The image above demonstrates a formula in cell D3 that returns a value from another sheet using the ADDRESS function.

Formula in cell D3:

=INDIRECT(ADDRESS(B3, C3, , , "ADDRESS function"))

7.1 Explaining formula

Step 1 - ADDRESS function

The ADDRESS function calculates the address of a specific cell based on a row and column number.

ADDRESS(row_num, column_num, [abs_num], [a1], [sheet_text])

Step 2 - Populate arguments

row_num - B3

column_num - C3

[abs_num], - optional

[a1] - optional

[sheet_text]) - "ADDRESS function"

ADDRESS(row_num, column_num, [abs_num], [a1], [sheet_text])

becomes

ADDRESS(B3, C3, , , "ADDRESS function")

and returns 'ADDRESS function'!$B$3.

Step 3 - Create cell reference

The INDIRECT function creates a cell reference from on a value.

INDIRECT(ref_text, [a1])

INDIRECT(ADDRESS(B3, C3, , , "ADDRESS function"))

becomes

INDIRECT('ADDRESS function'!$B$3)

and returns 1.

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8. Create an address to a cell range

ADDRESS Function cell range

The image above shows a formula in cell E3 that creates a cell reference to a cell range using the ADDRESS function.

Formula in cell E3:

=INDIRECT(ADDRESS(B3,C3)&":"&ADDRESS(B4,C4))

8.1 Explaining formula

ADDRESS Function cell range1

Step 1 - Top left cell

ADDRESS(B3,C3)

becomes

ADDRESS(8,2)

and returns string "B8".

Step 2 - Bottom right cell

ADDRESS(B4,C4)

becomes

ADDRESS(9,3)

and returns string "C9".

Step 3 - Create a cell address to a cell range

The ampersand character lets you concatenate text strings in an Excel formula.

ADDRESS(B3,C3)&":"&ADDRESS(B4,C4)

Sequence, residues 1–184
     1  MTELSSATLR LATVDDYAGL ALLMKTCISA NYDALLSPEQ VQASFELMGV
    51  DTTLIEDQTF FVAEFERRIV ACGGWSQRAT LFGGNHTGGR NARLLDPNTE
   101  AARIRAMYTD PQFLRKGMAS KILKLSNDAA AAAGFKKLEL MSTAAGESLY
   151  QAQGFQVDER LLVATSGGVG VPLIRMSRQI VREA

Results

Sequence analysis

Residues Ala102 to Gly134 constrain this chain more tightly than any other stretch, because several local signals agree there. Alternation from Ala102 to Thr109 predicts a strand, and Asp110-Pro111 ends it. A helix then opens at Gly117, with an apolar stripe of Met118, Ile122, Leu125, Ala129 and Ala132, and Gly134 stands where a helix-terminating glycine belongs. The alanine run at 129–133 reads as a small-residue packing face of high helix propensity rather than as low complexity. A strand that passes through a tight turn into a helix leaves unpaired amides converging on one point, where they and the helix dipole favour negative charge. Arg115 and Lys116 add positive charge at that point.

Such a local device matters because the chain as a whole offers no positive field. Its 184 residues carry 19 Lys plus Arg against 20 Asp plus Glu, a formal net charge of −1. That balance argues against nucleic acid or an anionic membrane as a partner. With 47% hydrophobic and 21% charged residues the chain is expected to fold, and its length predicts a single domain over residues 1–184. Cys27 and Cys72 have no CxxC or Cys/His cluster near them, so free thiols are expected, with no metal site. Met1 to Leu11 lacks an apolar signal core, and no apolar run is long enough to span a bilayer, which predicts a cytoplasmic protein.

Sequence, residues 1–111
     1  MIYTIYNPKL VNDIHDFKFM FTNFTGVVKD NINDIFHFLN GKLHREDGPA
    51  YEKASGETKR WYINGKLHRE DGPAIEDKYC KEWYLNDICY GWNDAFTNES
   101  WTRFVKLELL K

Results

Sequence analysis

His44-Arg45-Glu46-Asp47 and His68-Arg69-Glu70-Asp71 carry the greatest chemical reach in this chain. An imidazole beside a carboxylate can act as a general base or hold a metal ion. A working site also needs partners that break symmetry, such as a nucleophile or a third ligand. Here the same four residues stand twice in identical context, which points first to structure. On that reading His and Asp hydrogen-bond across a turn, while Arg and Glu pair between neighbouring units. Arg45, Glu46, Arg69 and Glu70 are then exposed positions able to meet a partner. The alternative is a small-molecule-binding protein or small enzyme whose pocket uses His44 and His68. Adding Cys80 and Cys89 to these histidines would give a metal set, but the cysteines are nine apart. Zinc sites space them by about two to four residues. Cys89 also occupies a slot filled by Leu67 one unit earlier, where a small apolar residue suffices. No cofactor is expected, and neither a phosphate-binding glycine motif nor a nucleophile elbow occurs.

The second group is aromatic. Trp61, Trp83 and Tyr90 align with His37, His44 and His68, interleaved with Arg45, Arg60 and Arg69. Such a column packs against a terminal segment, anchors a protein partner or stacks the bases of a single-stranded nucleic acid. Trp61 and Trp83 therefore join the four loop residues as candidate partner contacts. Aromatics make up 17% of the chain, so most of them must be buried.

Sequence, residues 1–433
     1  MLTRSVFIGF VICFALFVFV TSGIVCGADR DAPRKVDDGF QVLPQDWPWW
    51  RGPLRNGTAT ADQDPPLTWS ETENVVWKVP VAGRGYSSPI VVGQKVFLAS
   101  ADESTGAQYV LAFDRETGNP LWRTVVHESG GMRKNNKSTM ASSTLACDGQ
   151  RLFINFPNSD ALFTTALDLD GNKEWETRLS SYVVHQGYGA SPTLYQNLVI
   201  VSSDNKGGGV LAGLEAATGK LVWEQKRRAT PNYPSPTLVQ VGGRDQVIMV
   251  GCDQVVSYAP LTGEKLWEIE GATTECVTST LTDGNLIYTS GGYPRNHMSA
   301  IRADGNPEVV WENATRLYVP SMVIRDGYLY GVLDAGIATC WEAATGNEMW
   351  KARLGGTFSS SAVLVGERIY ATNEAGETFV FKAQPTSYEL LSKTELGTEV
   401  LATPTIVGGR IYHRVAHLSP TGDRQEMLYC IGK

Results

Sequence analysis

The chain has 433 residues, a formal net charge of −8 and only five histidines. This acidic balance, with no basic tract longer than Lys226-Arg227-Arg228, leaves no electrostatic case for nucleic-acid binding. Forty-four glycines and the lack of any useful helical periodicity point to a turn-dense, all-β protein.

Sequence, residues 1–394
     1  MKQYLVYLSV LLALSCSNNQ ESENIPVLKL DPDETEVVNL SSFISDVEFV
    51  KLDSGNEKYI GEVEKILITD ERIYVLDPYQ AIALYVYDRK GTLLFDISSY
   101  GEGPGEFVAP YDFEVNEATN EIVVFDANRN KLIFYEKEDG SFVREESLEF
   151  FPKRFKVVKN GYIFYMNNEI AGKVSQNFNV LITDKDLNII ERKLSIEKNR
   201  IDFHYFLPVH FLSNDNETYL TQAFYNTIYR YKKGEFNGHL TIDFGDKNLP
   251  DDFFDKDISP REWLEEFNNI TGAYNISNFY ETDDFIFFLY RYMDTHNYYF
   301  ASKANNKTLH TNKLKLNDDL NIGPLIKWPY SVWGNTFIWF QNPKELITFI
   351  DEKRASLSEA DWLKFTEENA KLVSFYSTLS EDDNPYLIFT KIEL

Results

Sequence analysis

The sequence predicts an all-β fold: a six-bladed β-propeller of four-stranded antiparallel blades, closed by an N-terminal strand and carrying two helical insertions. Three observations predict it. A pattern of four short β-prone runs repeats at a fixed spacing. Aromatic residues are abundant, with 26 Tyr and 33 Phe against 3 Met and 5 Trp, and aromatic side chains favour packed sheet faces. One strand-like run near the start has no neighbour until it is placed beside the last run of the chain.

becomes

B8&":"&C9

and returns the string "B8:C9".

Step 4 - Create a cell reference

The INDIRECT function creates a cell reference from on a value.

INDIRECT(ref_text, [a1])

INDIRECT(ADDRESS(B3,C3)&":"&ADDRESS(B4,C4))

becomes

INDIRECT("B8:C9")

and returns cell reference B8:C9.

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9. Extract column letter

ADDRESS Function get column letter 1

The image abover shows a formula in cell B3 that extracts the column letters from a given cell reference, in this example BC465.

Excel 365 formula in cell B3:

=LET(x, ADDRESS(1, COLUMN(BC465), 4), LEFT(x, LEN(x)-1))

Explaining formula

Step 1 - Get column number

ADDRESS Function get column letter count columns

The COLUMN function returns a number representing the column of a given cell reference counting from the left.

COLUMN(cell_ref)

COLUMN(BC465)

returns 55. Column BC465 is the 55th column counting from the left, see the image above.

Step 2 - Create cell address

ADDRESS(1,COLUMN(BC465),4)

ADDRESS(row_num, column_num, [abs_num], [a1], [sheet_text])

[abs_num] - Optional. Let's you choose the type of reference to return.
1 - Absolute.
2 - Absolute row, relative column.
3 - Absolute column, relative row.
4 - Relative.

ADDRESS(1,COLUMN(BC465),4)

becomes

ADDRESS(1,55,4)

and returns BC1.

Step 3 - Count characters

The LEN function returns a number representing the total amount of characters in a string.

LEN(str)

LEN(ADDRESS(1,COLUMN(BC465),4))-1

becomes

LEN("BC1")-1

becomes

3 - 1 equals 2.

Step 4 - Remove row number

The LEFT function extracts a specific number of characters always starting from the left.

LEFT(ADDRESS(1,COLUMN(BC465),4),LEN(ADDRESS(1,COLUMN(BC465),4))-1)

becomes

LEFT("BC1",2)

and returns "BC".

Step 5 - Shorten formula

The LET function lets you name intermediate calculation results which can shorten formulas considerably and improve performance.

LEFT(ADDRESS(1,COLUMN(BC465),4),LEN(ADDRESS(1,COLUMN(BC465),4))-1)

ADDRESS(1, COLUMN(BC465), 4) is repeated twice in the formula.

x - ADDRESS(1, COLUMN(BC465), 4)

LET(x, ADDRESS(1, COLUMN(BC465), 4), LEFT(x, LEN(x)-1))